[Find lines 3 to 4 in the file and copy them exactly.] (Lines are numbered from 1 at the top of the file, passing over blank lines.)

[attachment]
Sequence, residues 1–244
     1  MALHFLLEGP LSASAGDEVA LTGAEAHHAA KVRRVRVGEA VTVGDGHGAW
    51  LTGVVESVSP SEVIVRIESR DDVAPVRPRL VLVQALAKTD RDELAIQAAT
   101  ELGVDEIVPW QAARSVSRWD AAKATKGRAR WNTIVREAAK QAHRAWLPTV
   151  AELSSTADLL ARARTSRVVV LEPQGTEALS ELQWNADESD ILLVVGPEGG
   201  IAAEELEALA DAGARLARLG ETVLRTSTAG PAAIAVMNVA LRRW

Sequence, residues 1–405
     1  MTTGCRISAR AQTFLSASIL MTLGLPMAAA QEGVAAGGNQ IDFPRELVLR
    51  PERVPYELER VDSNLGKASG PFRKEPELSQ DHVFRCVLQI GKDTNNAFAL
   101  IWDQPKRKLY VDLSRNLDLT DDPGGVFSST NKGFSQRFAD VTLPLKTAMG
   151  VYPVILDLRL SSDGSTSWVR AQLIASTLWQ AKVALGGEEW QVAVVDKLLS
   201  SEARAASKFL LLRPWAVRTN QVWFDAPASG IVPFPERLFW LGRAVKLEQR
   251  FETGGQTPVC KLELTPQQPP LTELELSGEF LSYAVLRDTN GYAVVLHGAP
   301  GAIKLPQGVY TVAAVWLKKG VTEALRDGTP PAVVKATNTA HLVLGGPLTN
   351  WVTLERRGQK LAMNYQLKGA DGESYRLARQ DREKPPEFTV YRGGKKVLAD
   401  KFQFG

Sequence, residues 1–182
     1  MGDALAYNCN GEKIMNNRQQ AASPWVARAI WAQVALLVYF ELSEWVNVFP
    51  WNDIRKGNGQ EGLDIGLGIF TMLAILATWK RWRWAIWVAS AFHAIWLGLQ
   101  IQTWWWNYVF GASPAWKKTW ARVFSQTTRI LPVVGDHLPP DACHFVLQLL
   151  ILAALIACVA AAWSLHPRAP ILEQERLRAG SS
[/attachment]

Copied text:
    51  LTGVVESVSP SEVIVRIESR DDVAPVRPRL VLVQALAKTD RDELAIQAAT
   101  ELGVDEIVPW QAARSVSRWD AAKATKGRAR WNTIVREAAK QAHRAWLPTV